Hand Plane Problems...Probably user error...:(

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Forum topic by dwhite0829 posted 04-06-2011 05:16 AM 3940 views 0 times favorited 10 replies Add to Favorites Watch
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21 posts in 2616 days

04-06-2011 05:16 AM

So I bought a hand plane today. When I started using it, It would get stuck or bounce, i guess would be a good word for it, down the board. I watched some videos and they said to put most of the pressure on the front of the plane. Did that same thing, bouncing down the board leaving nasty divits in the board. Anybody had this problem when learning to use them? Is it just because it was a cheap plane? grr…I love doing this stuff but it’s so frustrating sometimes. lol

Any Help/tips would help me.

10 replies so far

View DaleM's profile


958 posts in 3379 days

#1 posted 04-06-2011 05:34 AM

The two things I would try first in order to reduce that problem is to sharpen the iron and then back it off some to take thinner shavings, as thin as possible. You could also try changing the direction, beginning at the other end of the board, as you may be going against the grain.

-- Dale Manning, Carthage, NY

View dwhite0829's profile


21 posts in 2616 days

#2 posted 04-06-2011 05:34 AM

I tried the Blade at multiple lengths thinking that was the problem. The blade was the one that came with it, so maybe I’ll get a good new blade and give it another shot.

View Paul C.'s profile

Paul C.

154 posts in 3241 days

#3 posted 04-06-2011 05:38 AM

Is the sole flat?

View Jack Barnhill's profile

Jack Barnhill

366 posts in 3361 days

#4 posted 04-06-2011 05:47 AM

Unless you purchased a very high-end plane, the blade is likely to not be a sharp as it should be. As DealM said, I would start by sharpening the blade and then adjust it for thin shavings. Even if you buy a new blade, it will, most likely, need sharpening before you use it.

-- Best regards, Jack -- I may not be good, but I'm slow --

View TopamaxSurvivor's profile


18268 posts in 3671 days

#5 posted 04-06-2011 05:58 AM

If you are going to use a hand plane (& most other cutting hand tools), you need to be able to sharpen.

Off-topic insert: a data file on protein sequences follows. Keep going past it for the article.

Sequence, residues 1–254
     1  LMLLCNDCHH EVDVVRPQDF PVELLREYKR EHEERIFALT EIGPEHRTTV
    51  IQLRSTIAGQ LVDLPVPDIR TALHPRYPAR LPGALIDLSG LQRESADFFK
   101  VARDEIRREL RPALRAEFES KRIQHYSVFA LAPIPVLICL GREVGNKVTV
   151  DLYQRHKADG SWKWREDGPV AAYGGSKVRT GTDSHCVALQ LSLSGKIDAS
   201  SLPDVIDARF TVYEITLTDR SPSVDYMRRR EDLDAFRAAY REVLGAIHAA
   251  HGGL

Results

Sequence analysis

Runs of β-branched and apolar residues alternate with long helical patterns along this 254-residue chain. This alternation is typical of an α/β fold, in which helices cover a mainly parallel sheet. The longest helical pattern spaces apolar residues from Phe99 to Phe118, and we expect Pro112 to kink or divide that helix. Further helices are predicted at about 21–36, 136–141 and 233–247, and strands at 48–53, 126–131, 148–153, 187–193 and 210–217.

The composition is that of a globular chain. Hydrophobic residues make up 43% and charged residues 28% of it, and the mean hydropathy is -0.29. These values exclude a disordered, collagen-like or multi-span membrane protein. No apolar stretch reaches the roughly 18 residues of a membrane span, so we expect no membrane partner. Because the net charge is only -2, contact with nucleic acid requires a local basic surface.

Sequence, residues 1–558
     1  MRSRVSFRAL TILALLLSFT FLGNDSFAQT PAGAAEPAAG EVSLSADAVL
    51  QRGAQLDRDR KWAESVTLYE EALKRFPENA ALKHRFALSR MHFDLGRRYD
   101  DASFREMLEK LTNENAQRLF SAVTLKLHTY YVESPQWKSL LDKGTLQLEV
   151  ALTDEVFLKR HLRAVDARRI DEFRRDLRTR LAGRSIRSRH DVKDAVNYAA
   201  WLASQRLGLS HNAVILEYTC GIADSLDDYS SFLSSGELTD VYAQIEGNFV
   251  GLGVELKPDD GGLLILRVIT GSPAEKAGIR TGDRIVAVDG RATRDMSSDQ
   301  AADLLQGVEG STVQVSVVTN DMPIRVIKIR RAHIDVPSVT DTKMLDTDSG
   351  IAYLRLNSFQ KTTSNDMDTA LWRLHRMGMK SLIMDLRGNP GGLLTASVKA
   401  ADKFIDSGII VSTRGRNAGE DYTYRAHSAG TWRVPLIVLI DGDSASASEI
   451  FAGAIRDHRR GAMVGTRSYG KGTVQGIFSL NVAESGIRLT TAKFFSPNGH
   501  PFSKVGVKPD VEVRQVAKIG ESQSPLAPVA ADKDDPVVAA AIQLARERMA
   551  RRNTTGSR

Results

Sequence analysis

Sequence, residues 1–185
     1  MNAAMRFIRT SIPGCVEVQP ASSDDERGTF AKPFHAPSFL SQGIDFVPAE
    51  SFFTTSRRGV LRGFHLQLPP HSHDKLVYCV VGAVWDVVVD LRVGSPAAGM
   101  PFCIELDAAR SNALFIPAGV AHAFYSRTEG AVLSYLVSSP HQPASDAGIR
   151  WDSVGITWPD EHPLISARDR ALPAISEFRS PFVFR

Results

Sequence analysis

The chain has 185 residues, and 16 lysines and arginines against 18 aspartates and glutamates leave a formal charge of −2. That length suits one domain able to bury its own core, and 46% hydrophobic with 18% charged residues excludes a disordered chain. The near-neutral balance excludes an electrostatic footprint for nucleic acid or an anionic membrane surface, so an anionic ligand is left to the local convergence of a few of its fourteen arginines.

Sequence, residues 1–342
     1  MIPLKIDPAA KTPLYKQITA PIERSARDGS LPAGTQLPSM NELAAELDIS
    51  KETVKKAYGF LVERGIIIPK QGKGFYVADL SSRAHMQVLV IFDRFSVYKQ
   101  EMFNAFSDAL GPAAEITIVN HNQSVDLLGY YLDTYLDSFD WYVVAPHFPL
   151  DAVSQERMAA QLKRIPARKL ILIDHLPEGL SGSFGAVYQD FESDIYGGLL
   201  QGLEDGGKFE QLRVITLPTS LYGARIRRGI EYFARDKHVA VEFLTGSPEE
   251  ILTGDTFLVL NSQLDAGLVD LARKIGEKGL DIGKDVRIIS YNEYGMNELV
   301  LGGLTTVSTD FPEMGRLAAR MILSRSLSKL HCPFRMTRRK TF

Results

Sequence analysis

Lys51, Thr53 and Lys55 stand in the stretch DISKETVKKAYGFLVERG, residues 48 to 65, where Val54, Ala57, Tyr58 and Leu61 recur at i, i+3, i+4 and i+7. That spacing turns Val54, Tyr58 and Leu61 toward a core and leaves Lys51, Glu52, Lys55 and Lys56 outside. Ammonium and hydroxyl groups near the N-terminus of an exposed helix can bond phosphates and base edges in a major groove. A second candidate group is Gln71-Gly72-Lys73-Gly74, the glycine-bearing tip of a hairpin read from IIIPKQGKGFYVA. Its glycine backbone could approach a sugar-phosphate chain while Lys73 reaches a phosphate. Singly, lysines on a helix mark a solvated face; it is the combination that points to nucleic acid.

-- Bob in WW ~ "some old things are lovely, warm still with life ... of the forgotten men who made them." - D.H. Lawrence

View Chelios's profile


568 posts in 3062 days

#6 posted 04-06-2011 06:07 AM

You have major chatter because the blade is out too far. You don’t need t replace the blade just yet. Learn to sharpen it first and take very light cuts. Start at zero grab and very lightly advance the blade in 1/8 of a turn increments. Make several passes the very first time the blade grabs a bit of wood.

Try the lie nielsen page for a very simple one point lesson on proper sharpening technique.

Once you have learned to use a plane, you will get hooked. It is nothing frustrating or anything near it.

all the best

View Dan's profile


3630 posts in 2876 days

#7 posted 04-06-2011 06:13 AM

I also think your problem is the blade. When learning hand planes the first step IMO is to learn to sharpen the blades. I struggled for a long time on this but once I got the hang of it it made a world of difference.

Buying a new blade wont really solve it. I have a couple premium blades and many old ones and its not possible for me to get the premium blades any sharper then the old ones. The new blades have more mass and may stay sharp longer but they wont be any more sharp then what you can get your current blade.

Another possibility could be the grain direction. I would assume you are planing with the grain? If you plane against the grain you wont get a good cut.

Good luck!

-- Dan - "Collector of Hand Planes"

View David Kirtley's profile

David Kirtley

1286 posts in 2994 days

#8 posted 04-06-2011 06:15 AM

Your depth of cut is too deep. the iron should only be out a tiny bit from the mouth. Maybe the thickness of a piece of paper to start with for a general ballpark.

By eye:

Have the iron retracted into the body. Sight down the sole like looking at a gun sight. Advance the screw little by little until you see it emerge from the mouth of the plane. Also look to see where it peeks out of the mouth. If only on one side, use the adjusting lever to move it over the other way.

There are some further adjustments but we need to know what kind of plane to tell where to go next.

-- Woodworking shouldn't cost a fortune:

View CharlieM1958's profile


16274 posts in 4214 days

#9 posted 04-06-2011 04:39 PM

I like the method Chelios suggested. Retract the blade all the way so that you can run the plane over the board without the blade touching at all, then advance by 1/8th turns of the know until you are taking fine shavings.

-- Charlie M. "Woodworking - patience = firewood"

View D1st's profile


290 posts in 3036 days

#10 posted 04-06-2011 05:03 PM

Just remember to be patient no matter whos direction you take. To Plane wood correctly is a like a zen experience. Very relaxing and rewarding in the end. Good luck.


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